Maintaining a clean credit report helps you get the best rate when you need to borrow money for a large purchase, such as a car or home. The following articles and our helpful calculators can help you better understand credit and its importance.
Your credit score impacts all areas of your financial life, from getting approved for a credit card to the rate you qualify for on a mortgage. Not surprisingly, the higher your credit score, the better. So if you’re wondering how to improve your credit score, understanding the ins and outs of how it’s calculated can help you figure out how your actions impact your rating. Below, we’ve put together everything you need to know in order to improve your credit score.
What is a credit score?
A credit score is a number determined by a credit bureau that helps lenders assess how well you’ve managed your financial obligations.
What makes up a credit score?While there’s no single formula that determines a credit score, here are some categories and their relative importance.35% - Payment history - Do you consistently pay your bills on time?30% - Amounts owed - Try to use less than 30% of the credit available to you.15% - Length of credit history - Generally, longer is better.10% - Credit inquiries - Only hard inquiries, when you’re looking to open an account or take out a loan, count here.10% - Types of credit in use - This includes credit cards, student loans, mortgages and more.
What do the numbers mean?
The higher the score, the more likely you are to repay your obligations and the less you are seen as a financial risk to creditors, prospective employers and landlords. Most credit scores rank individuals on a scale from 300-850.
How can I affect my credit score?
While there’s no single formula that determines a credit score, here are some categories and their relative importance.
Items that help your credit score:
Consistently pay bills on time and in full.
Keep your revolving account balances around or below 30% of your credit limit.
Items that hurt your credit score:
Fail to pay even the minimum on credit cards and loans.
File for bankruptcy or have an account turned over to a collection agency.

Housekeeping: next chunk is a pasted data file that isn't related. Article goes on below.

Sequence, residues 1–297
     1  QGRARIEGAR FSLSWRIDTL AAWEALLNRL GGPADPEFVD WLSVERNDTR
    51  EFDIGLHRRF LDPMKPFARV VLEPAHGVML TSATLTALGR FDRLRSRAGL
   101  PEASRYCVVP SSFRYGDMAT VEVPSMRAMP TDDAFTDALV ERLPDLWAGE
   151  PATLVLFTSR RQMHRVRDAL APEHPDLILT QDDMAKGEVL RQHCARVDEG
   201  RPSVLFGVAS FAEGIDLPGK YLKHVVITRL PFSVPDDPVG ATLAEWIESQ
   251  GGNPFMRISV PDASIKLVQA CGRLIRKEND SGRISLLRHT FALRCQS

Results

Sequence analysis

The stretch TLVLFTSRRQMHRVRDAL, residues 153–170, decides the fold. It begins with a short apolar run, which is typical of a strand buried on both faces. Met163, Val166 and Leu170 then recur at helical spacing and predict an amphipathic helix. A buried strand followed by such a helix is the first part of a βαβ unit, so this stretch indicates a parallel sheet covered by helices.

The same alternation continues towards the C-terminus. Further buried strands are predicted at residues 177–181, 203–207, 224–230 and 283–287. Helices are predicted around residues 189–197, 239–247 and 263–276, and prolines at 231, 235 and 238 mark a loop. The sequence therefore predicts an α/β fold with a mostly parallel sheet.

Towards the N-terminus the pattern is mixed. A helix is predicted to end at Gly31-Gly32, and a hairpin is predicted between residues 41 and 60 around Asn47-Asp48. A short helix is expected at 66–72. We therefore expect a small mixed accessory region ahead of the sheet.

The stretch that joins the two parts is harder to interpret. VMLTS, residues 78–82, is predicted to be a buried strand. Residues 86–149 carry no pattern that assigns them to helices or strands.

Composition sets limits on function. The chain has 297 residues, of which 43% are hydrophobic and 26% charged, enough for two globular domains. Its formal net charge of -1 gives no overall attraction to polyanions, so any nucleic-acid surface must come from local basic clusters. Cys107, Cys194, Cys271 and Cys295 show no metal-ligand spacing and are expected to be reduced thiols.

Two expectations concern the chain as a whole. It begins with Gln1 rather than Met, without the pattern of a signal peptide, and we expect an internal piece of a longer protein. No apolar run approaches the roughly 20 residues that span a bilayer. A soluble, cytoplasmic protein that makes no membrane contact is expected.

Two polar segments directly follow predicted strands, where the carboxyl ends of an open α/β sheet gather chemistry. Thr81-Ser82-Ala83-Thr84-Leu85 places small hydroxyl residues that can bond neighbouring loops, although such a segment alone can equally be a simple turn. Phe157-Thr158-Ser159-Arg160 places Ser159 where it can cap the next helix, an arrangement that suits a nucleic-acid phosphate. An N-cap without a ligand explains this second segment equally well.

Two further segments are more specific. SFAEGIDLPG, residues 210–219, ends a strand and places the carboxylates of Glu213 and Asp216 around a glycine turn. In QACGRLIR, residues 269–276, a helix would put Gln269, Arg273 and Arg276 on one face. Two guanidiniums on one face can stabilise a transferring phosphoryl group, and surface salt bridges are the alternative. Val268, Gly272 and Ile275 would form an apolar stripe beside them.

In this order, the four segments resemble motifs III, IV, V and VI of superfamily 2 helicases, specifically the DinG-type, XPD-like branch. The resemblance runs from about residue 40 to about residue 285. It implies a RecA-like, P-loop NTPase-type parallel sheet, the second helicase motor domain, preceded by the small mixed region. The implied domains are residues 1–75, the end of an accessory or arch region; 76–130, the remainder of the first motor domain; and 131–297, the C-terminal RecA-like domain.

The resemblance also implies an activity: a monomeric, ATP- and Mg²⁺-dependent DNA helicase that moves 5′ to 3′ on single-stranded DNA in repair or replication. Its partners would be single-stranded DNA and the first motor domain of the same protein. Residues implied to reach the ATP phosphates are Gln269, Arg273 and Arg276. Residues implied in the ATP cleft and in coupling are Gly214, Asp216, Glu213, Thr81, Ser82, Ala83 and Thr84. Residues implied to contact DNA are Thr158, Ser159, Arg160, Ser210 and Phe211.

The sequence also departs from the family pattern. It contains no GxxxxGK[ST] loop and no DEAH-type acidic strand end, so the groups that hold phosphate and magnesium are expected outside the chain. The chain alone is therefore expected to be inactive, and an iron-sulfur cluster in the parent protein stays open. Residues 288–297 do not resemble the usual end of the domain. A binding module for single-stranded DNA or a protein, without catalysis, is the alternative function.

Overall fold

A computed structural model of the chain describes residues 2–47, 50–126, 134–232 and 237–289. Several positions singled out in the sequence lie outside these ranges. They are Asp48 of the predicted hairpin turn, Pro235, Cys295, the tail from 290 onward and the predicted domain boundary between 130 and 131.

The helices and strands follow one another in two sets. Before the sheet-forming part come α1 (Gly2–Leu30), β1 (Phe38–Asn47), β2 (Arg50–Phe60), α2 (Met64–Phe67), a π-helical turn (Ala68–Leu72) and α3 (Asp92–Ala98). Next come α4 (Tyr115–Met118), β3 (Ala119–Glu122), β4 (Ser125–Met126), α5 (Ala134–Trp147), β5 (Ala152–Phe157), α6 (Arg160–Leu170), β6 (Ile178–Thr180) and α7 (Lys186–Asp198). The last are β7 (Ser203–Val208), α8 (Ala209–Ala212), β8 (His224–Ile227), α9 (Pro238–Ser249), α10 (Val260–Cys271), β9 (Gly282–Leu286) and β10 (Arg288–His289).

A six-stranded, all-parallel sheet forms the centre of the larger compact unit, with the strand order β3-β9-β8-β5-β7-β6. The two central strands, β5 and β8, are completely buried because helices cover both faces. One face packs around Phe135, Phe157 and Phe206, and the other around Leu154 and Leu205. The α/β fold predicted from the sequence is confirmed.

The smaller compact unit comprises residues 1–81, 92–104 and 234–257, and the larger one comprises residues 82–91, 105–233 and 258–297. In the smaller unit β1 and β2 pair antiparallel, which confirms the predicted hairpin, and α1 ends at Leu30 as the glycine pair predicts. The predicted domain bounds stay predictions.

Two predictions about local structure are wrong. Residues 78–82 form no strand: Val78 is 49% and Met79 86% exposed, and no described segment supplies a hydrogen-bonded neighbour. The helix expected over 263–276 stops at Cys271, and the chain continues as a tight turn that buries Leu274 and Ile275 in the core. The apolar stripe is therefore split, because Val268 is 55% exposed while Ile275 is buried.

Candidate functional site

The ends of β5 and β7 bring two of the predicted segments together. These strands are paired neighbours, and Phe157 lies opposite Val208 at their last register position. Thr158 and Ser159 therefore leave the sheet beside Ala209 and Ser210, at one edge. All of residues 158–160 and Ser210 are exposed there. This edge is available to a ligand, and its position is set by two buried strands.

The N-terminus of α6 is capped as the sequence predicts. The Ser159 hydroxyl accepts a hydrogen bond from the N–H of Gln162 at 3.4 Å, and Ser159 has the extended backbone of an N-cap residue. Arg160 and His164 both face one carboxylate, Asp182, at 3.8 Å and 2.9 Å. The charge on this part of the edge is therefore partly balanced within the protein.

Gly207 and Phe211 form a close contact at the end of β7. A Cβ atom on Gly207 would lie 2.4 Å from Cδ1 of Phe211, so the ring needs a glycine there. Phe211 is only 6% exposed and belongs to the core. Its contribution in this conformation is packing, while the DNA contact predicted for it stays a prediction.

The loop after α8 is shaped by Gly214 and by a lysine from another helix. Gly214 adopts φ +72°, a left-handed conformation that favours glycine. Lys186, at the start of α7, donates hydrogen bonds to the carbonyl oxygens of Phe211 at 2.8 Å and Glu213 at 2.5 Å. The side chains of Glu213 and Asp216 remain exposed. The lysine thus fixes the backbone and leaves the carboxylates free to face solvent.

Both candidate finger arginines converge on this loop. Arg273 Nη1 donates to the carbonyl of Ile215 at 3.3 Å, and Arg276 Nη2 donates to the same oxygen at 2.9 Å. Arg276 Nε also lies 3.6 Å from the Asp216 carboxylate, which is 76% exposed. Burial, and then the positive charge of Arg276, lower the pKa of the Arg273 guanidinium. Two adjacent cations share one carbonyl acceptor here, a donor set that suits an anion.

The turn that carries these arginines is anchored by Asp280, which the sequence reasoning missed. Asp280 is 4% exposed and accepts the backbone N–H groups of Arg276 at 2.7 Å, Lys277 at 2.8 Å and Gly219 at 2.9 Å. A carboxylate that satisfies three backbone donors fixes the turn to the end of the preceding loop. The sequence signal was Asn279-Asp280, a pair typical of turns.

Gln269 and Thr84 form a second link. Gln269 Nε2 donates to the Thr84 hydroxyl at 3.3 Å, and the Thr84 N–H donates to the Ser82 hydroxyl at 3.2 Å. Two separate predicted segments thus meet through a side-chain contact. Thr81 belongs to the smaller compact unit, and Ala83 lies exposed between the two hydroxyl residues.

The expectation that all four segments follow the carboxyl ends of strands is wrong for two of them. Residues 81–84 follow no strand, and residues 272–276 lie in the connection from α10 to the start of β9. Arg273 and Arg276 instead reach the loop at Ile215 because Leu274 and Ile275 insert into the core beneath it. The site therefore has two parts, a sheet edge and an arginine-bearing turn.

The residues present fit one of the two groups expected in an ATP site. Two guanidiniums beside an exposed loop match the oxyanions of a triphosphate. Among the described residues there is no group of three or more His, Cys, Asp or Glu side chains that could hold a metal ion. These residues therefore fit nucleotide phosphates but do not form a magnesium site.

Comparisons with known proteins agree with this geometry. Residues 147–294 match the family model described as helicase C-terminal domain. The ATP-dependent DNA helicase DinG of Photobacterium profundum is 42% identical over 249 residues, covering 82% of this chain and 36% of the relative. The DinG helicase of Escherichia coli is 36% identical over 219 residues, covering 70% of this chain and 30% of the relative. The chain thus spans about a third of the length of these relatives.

Apply for a lot of credit or exceed your current account limits.
Where can I get my credit score and report?
The three major credit bureaus produce credit reports and you can request one free report annually from each. Visit AnnualCreditReport.com or call 877.322.8228 for more information.
The do's and don'ts of credit
The way you use credit can affect your ability to borrow money in the future. It is important to use credit responsibly and avoid the mistakes that can push a credit score in the wrong direction.
Four do's of credit
DO begin with credit cards. Credit cards are an easy way to start building your credit history. Opening a credit card and using it responsibly will show lenders that they are not at risk in approving you for loans. Contact us to learn about credit card options available.
DO charge some expenses on credit cards each month. Just having credit cards will only take your credit score so far. You have to use them and pay your monthly bills to establish a credit history. While credit cards come in handy when unexpected expenses come up, charging a small amount each month that you can pay off consistently will put you on a path to responsible credit card use.
DO pay off balances each month. Building a positive credit history is much easier when you are not carrying balances on credit cards. Paying the full balance off each month will not only help your credit score, but it will also help you stick to a budget.
DO check your credit report each year. There are three nationwide credit reporting agencies — Experian, Equifax and TransUnion. Ordering free annual credit reports from www.annualcreditreport.com will help ensure that there are no mistakes in your credit history while helping to protect you from identity theft.
Four don'ts of credit
DON’T open too many credit cards. While a few credit cards can help you build a positive credit history, having too many could have the opposite effect, particularly if some of them are high-interest store credit cards. The more cards you have, the more difficult they will be to manage, and the higher the likelihood that you may overextend yourself. Limit yourself to three to five credit cards.
DON’T pay bills late. Because credit scores measure your ability to pay bills, nothing will drop a credit score faster than not paying bills on time.
DON’T fall into the interest-free trap. Many stores – selling everything from electronics to furniture and even cars – offer interest-free financing. While zero interest is an attractive incentive, it can also give you a false sense of security that you’re able to afford more than your budget allows. Also, many interest-free plans last for a set amount of time. If the balance is not paid in full before the promotional offer expires, the financing will revert to a higher interest rate.
DON’T keep all of your money in a checking account. Keeping all of your money in a checking account can create problems. It can cause you to spend more than you want because the funds are readily available. Keep what you need to cover monthly expenses in checking and consistently deposit the rest into a savings account. That way you can ensure that you will have a resource to tap into when unexpected expenses occur and that money will work for you by earning interest.